Professor Clare Lees (Professor of Medieval Literature and the History of Language, King’s College London), one of the originators of ‘Colm Cille’s Spiral’ along with Difference Exchange and a key ‘connector’ between the ‘knots’, observed that ‘Time is tempo’. I would like to adapt her phrase to become ‘Exchange is tempo’. It has been the speed of the flow between the disciplines involved and the people across the Spiral, through discussions, listening and debate, and the generosity of skills and time shared, that has led to new knowledge for all. This has not been a ‘one-sided’ project where information has only flowed in one direction.

Another theme that presented itself during ‘The Fold’, was the route that knowledge can take, which really concluded with the thought that it comes from and travels in all directions. Phrases I noted down from presentations and discussions were: Knowledge from above – hidden knowledge – knowledge with – knowledge over – embodied knowledge – academic knowledge – and ‘a renewal of knowledge through creativity’. Maps were used as a device both in presentations and exhibited artworks, to follow these knowledge roads, from Ceara Conway’s map detailing specific points of interest for her in the story of Colm Cille; to the walking tour between Colm Cille artefacts in Dublin; and Edwin Pickstone’s beautiful ‘Convocation’ map which both recorded ‘Convocation’s’ experience and offered a guide to the processes behind the artworks, with the group’s questions on land and the group’s intentions and ideas, at sea.

Movement’ was also a topic, from the exile of Colm Cille from Ireland to Scotland, the subject in ‘Convocation’ artist Jessica Ramm’s film ‘The Walking of the Peats’ which took as inspiration the Saint’s return to Ireland wearing ‘shoes’ made of Scottish soil; to the movement of objects such as the St Chad Gospels between Lichfield and Llandeilo; to the dance and rituals captured in Johnny Rodger’s presentation ‘Nor did fairies ever trip with such alacrity…’. There was also the movement of the groups and artists themselves as they searched for new knowledge, from the poets’ bus of Newcastle, Bamburgh and Lindisfarne; to Ceara Conway’s summer performance ‘Vicissitudes’ flowing down the Rover Foyle on a boat; and the journeys of the curators and artists whether from island to city as in ‘Convocation’ or down the motorway and byroads between Lichfield and Llandeilo in ‘The Book’. ‘Colm Cille’s Spiral’ has captured the profound movement of exile and emigration to smaller, more detailed movement, such as that described in Dr Linda Anderson’s poem: ‘Three deer loped into the distance/ as if they were saints’.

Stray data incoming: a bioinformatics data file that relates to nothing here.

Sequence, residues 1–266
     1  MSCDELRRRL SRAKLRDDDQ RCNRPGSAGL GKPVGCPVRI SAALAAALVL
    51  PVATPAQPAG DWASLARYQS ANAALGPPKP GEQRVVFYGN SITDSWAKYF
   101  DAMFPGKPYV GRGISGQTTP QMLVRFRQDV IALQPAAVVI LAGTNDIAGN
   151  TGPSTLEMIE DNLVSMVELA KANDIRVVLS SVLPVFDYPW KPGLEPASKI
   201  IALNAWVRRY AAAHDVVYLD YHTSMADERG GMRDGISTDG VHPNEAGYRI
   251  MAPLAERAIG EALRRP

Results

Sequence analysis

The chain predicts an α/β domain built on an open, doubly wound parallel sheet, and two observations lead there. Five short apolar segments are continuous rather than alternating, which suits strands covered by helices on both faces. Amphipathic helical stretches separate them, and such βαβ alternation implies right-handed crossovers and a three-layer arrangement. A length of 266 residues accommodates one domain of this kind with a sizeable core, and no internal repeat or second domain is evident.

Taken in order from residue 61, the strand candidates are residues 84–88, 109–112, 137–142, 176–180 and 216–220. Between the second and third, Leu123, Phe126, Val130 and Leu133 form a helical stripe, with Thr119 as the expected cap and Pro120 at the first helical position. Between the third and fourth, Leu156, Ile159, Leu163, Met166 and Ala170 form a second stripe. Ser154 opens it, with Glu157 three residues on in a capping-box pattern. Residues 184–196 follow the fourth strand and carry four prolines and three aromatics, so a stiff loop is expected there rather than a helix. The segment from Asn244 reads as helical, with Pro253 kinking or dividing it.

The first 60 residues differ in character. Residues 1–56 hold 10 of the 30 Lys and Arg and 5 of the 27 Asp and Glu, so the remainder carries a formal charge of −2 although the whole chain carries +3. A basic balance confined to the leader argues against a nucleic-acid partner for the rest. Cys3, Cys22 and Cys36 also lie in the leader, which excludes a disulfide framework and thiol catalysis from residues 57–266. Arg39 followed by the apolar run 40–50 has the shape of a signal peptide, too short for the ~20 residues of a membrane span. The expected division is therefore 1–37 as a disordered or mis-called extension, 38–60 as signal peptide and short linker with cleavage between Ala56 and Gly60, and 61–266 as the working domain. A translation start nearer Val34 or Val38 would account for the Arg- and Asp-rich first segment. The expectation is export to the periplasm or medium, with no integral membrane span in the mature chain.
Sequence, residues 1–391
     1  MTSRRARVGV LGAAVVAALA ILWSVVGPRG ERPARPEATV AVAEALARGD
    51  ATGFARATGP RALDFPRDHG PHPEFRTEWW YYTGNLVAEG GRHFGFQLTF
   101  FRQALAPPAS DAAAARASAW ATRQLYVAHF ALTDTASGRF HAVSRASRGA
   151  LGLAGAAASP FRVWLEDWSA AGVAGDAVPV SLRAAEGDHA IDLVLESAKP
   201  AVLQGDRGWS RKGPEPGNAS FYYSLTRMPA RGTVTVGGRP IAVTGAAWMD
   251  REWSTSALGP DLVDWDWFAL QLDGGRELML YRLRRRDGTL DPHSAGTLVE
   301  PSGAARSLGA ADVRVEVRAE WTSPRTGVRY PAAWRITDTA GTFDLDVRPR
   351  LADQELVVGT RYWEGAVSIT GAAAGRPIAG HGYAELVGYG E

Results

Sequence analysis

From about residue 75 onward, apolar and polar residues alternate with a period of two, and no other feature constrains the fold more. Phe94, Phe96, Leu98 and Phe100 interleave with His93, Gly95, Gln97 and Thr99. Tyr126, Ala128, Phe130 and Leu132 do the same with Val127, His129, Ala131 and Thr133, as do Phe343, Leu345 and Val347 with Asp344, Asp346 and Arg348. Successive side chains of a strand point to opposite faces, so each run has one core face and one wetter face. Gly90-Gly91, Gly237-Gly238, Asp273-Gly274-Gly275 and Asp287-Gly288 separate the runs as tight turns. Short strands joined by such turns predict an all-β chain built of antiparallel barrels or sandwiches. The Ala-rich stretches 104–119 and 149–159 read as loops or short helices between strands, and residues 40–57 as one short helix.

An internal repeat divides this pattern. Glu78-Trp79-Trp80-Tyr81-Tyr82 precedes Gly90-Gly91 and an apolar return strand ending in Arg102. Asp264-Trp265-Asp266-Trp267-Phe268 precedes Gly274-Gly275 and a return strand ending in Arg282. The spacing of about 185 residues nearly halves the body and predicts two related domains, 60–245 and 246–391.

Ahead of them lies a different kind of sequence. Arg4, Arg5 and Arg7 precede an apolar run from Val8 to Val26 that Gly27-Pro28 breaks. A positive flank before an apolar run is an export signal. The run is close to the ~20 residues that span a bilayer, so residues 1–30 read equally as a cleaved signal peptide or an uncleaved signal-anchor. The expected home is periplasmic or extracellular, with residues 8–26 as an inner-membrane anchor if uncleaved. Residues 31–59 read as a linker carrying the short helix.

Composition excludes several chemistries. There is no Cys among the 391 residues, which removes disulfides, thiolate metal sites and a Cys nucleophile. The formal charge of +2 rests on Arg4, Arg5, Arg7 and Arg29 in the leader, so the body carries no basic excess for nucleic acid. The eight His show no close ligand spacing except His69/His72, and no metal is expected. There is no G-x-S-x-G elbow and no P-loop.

A key strength of this project has been the proliferation of voices, both historical and contemporary, and the connection to place, which has created the Spiral. Voices have come in at key times, in particular to elucidate another’s search for understanding. Others have offered new words which can be traced as having different impacts throughout the cycle of the project. A word such as ‘Peregrinatio’ was originally offered by academics at the first ‘Convocation’ meeting in Glasgow. It went on to become a key theme as one of questions for the ‘Convocation’ project  then found resonance with Thomas Joshua Cooper who realised that the word ‘peregrinatio’ described the movement of his practice, to journey to the edges of the world. The movement of single words, of knowledge and understanding through the Spiral was described by Dr Katherine Forsyth at the CCA event in Glasgow as: ‘a sending out and a gathering in; a sending out and gathering in’.

As we reach the end of our project and the last month of the City of Culture, will it be lights off? A number of the buildings including London Street Gallery, will, in the New Year, be handed over to developers, their function changing from galleries to hotels or venues for the creative industries. As the Spiral concludes and, as Mike Tooby (curator, ‘The Book’), put it, ‘the money runs out on Wednesday’, will ‘The Fold’ mark the conclusion of ‘Colm Cille’s Spiral’?

The words ‘net’ and ‘knot’ share the same etymology, as Professor Clare Lees pointed out, so with the interlace of ideas, experiences and memories generated from the ‘knots’ of ‘Colm Cille’s Spiral’ and the networks that have formed between those involved, in terms of connections between people, ideas and developments in practice, I would conclude that this ‘Spiral’ will keep on turning.

Jenny Brownrigg

[1] Neither the magnifying glass nor glasses were invented at the time of these symbols being carved, etched or illuminated.

[2] Jim Harold, artist and audience member for ‘The Fold’, brought into the discussion the ‘what if?’ space, as one of the most important spaces in the search for new knowledge through creativity and discussion.